Don’t look for another light…wait. Trust that he is going to guide you through.

Trust, and rely on God.

Great thoughts. Yes.

Sip of coffee.

Next status.

Friends, who we have cheered our sons together as they played hockey. Friends who we know the sound of their voices and the way their eyes look when they laugh, and how the boy’s shoulders shrug when they laugh…those friends…their son was diagnosed with leukemia. Last night.

Let the one who walks in the dark,
    who has no light,
trust in the name of the Lord
    and rely on their God.

Isaiah 50:10

Still?

Yes. Still.  Trust in the name of the Lord and rely on God.

This is the messiness of our broken lives. The heartbreakingly real reality.

I will tell the boys during our morning devotionals. That moment when we go around the room and ask what we are going to focus on this week for prayer. Each boy picks a person they want to be focused on during that week. The choice will be simple today. This will be the closest they have come to cancer…these friends are sports friends. They are close enough that the boys will feel the punch in the gut.

We do not turn away in these moments, though. We listen. We pay attention. We reach out and we offer any help we can…and we pray.

“Listen to your life. See it for the fathomless mystery it is. In the boredom and pain of it, no less than in the excitement and gladness: touch, taste, smell your way to the holy and hidden heart of it, because in the last analysis all moments are key moments, and life itself is grace.” – Buechner

We realize that life is so much deeper and wider, and more fragile, than we think. We realize in these moments that there is holiness in our midst, and we realize our deep, deep need in our brokenness. We are awakened from our laziness of being entertained by the world to realize how fragile and broken, and yet amazing and wonder-filled this world is.

These moments stop us. For this family everything has changed.

The darkness is thick at times. In those moments, short or long as they may be…trust in the name of the Lord and rely on him.

“In honesty you have to admit to a wise man that prayer is not for the wise, not for the prudent, not for the sophisticated. Instead it is for those who recognize that in face of their deepest needs, all their wisdom is quite helpless. It is for those who are willing to persist in doing something that is both childish and crucial.”  – Buechner

We pray. We trust in the name of the Lord and rely on him.

 

Yep. Momma is Reading.

This little blog has been silent for 2014.

Ten days of neglect.

It is not that I haven’t thought about coming over and writing some grand thoughts. It is not that I haven’t thought some thoughts.

I’ve been reading, though, and I’ve been aware that I need to listen. My hunch was right. I have a need to press in and read and to do so without the need to turn around and present my findings. I have wanted a year of more silence for awhile, but my soul has been been antsy and unsettled most years, and I just couldn’t get there…this year feels different.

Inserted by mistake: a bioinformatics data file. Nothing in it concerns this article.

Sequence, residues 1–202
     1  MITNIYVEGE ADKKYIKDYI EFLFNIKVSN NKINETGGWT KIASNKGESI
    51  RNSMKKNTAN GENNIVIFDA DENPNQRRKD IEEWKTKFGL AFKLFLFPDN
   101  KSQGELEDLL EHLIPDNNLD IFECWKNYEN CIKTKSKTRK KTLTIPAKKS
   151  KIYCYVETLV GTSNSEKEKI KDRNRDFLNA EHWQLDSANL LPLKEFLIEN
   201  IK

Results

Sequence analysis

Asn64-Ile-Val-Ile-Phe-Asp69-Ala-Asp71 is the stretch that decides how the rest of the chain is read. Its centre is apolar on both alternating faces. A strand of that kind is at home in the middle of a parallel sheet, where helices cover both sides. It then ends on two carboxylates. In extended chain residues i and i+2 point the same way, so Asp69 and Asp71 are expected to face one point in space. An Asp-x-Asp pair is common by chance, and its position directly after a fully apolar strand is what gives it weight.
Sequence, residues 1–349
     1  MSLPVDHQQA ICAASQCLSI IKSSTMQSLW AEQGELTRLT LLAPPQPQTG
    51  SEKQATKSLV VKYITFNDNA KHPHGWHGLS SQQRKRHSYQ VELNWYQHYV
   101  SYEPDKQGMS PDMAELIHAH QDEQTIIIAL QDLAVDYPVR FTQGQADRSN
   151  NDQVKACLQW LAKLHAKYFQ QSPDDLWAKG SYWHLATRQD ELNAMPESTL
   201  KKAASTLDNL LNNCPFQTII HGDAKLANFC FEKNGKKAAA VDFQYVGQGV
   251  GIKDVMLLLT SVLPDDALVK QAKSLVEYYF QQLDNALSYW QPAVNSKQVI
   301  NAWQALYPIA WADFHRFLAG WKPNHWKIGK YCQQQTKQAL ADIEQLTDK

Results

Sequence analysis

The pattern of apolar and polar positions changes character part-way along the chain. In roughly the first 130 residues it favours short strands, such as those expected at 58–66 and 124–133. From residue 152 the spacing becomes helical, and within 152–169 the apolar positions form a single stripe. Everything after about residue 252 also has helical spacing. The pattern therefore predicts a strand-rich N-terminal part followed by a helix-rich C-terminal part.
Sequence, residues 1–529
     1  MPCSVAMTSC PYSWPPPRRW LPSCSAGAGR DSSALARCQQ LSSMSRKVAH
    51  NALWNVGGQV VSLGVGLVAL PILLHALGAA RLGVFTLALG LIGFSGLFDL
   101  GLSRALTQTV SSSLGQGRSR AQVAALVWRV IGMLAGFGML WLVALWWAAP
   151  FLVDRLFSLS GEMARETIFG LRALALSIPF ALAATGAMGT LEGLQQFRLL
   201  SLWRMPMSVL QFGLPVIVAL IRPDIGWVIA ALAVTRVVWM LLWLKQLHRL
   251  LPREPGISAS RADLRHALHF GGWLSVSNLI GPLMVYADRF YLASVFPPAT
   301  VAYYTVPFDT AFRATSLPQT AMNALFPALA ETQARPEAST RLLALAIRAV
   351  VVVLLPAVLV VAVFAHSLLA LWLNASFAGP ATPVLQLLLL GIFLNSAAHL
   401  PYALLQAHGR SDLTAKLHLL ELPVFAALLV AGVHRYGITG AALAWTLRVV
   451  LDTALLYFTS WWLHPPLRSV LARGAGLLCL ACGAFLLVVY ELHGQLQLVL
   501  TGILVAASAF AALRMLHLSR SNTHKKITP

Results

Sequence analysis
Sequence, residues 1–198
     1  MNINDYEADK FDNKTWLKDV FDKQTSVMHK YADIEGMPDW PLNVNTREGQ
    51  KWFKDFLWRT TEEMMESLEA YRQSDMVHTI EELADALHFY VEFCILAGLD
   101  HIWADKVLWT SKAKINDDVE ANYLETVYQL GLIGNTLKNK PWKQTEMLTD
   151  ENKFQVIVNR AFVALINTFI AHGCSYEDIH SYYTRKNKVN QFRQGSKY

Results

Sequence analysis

Maybe I’m finally growing up a little.

Maybe I’m just more tired this year.

No…I’m just a little more ready to listen.  My stack of books is ready. Old friends I have wanted to revisit: Buechner and Chesterton and Lewis and L’Engle and Merton and Packer and Wangerin, Peterson and Berry. New finds…The Book Thief and  Elie Wiesel, Annie Dillard (because I really haven’t read her enough) and a whole stack of fiction.

I have my challenge set for 2014 on Goodreads.

My real goal, though? To feed my soul. To enliven my mind. To quiet and slowdown and remember what it is to sit long with a book and immerse myself in story. To remember what it is to fall in love with reading and story and authors…and to have my children see that again.

It happened for a moment the other day. My oldest and I were alone for a bit. I was reading G. K Chesterton’s The Everlasting Man and I became excited as I remembered how much I was moved by the section on man being marked by creativity. I read the section to him. Then I began telling him about Chesterton. Then I read him some more.

He turned off his iPod. He came over and engaged and laughed and listened.

He got it.

He listened.  And I told him he would be reading Chesterton in just a year or two. And many others…and soon he would have favorite authors as well, and he would be reading me sections of his favorites.

He smiled.

This year his Momma is going to remember that she is a reader. He is going to see her reading and is going to hear passages quoted. He is going to be aware that books are not just to adorn the bookshelves…we have hundreds of books around. He, and the other kids, are going to be aware that life is not driven by Instagram and FaceBook updates, by texts and emails. Life is going to slow down this year.

I am not sure what that will mean for The Small Rain…maybe more biographies and introductions to what I am reading. Maybe longer gaps between articles. We will see as we go. All I know right now is I am drawn back to books and that is a good thing.

The confirmation? Yesterday Maddie, 2 1/2, walked by and noted that I had a book in my hands. “You reading, Momma?”

“Yep, Maddie, Momma is reading”